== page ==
I hear it all the time on television, radio and in my local coffee shop: “So-and-so is successful because he makes a lot of money, owns a big company, can jump higher, throw harder or sing a sweeter tune.”
The late Christian author Thomas Merton wrote: “If I had a message to my contemporaries it is surely this: Be anything you like, be madmen, drunks ... of every shape and form, but at all costs avoid one thing: success ... If you are too obsessed with success, you will forget to live. If you have learned only how to be a success, your life has probably been wasted.”
It reminds me of the rich young man in Matthew 19 in the New Testament of the Bible. Jesus challenged this up-and-comer to sell all his possessions and give them to the poor so that he could then be free to wholeheartedly follow him. Instead, the man walked away because he had great wealth.
Imagine: This man had an opportunity to physically live and walk with the Son of God – the creator of the universe – and he threw it all away. His temporary earthly success was a competing loyalty and dependency that kept him from enjoying God’s spiritual and eternal riches. What is your competing loyalty?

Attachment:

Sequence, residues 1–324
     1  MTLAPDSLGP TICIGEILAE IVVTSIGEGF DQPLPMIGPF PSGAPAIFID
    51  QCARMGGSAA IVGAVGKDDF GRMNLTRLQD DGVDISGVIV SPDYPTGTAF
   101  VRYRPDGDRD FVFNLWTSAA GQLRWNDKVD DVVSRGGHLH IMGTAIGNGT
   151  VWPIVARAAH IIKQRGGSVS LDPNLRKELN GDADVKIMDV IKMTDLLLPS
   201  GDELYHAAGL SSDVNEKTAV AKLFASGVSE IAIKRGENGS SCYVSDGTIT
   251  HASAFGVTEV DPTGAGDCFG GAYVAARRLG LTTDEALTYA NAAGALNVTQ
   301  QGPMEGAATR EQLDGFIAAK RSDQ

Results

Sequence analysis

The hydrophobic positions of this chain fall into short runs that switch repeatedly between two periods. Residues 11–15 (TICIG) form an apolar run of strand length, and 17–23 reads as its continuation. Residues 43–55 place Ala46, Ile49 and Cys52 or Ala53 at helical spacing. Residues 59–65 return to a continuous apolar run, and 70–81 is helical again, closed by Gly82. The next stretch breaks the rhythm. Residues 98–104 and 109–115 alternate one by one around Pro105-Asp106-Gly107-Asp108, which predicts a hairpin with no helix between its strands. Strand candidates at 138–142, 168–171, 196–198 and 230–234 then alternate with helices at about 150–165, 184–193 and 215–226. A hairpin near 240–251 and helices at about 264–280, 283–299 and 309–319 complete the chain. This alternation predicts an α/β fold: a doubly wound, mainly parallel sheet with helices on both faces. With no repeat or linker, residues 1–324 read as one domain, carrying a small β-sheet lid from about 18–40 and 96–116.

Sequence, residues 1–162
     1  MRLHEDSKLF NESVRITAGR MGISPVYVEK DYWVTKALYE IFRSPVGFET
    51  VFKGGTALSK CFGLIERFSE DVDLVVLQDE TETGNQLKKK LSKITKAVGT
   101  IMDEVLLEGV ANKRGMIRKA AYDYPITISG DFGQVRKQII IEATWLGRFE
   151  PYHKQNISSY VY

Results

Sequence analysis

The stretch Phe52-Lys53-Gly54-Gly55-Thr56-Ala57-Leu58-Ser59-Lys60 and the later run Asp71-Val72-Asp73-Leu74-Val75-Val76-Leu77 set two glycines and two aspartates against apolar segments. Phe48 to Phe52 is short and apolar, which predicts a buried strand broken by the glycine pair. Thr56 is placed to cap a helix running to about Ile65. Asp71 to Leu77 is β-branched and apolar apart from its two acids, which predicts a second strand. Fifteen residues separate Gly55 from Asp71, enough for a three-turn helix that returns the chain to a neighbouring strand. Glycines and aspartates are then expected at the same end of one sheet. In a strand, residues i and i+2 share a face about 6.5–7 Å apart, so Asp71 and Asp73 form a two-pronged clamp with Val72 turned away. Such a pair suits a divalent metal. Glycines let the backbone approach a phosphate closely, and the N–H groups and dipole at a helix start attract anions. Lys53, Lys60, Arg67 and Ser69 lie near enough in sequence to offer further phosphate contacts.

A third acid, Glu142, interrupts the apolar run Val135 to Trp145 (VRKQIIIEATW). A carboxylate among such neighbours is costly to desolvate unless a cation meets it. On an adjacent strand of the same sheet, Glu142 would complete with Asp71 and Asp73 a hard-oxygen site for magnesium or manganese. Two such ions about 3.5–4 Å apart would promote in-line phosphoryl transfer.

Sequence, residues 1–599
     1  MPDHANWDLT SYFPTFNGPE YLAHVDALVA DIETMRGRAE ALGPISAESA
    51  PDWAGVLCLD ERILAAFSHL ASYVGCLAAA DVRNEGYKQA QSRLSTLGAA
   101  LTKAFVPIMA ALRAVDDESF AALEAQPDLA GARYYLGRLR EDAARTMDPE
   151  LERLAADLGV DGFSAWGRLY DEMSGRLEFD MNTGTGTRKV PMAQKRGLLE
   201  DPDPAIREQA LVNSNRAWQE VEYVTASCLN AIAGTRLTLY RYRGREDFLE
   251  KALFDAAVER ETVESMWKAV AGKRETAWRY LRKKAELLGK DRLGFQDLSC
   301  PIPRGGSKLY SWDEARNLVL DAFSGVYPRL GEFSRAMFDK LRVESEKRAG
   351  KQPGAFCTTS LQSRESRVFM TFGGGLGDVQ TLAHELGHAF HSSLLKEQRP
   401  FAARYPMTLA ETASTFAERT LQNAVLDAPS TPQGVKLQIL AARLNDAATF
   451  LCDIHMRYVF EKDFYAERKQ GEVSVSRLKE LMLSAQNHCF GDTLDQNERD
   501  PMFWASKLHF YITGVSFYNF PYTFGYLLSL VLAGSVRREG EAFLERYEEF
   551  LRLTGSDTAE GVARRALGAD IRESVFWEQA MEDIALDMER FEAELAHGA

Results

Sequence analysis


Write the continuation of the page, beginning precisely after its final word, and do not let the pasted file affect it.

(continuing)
Don’t fear failure. Instead, fear succeeding at something that doesn’t matter. Success that matters is eternal and is found in a “who” – Jesus Christ – not a “what” – money, power or prestige. Many spend their whole lives climbing the ladder of success only to find it was leaning against the wrong wall.
If we believe that temporal rewards (wealth, position, privilege) are the true measure of success, then we must say that Jesus and his followers were the greatest of failures. Yet they were clearly successful on an eternal scale.
When I was 9, my dad and mom sold everything we owned and moved our family to the Nevada desert. There they spent the next 38 years working and ministering among Native Americans. We had lived in a middle income house, drove a middle income car and served in a middle income church. By all standards we were doing well. Family and friends thought my parents had gone nuts moving our family to the desert to serve our Native American brothers and sisters.
Years later I asked my parents why they did it. My dad simply smiled and said, “Eternity is a very long time. You can’t take it with you but you can send it ahead.”My parents had no temporal wealth but they were the most fulfilled people I have ever met. My dad, who passed away in 2010, is already experiencing ultimate fulfillment in Heaven.
Beware of valuing temporal success. It comes to kill, steal and destroy your true potential and destiny. Jesus said that he came to give us life to the fullest.
Imagine the possibilities!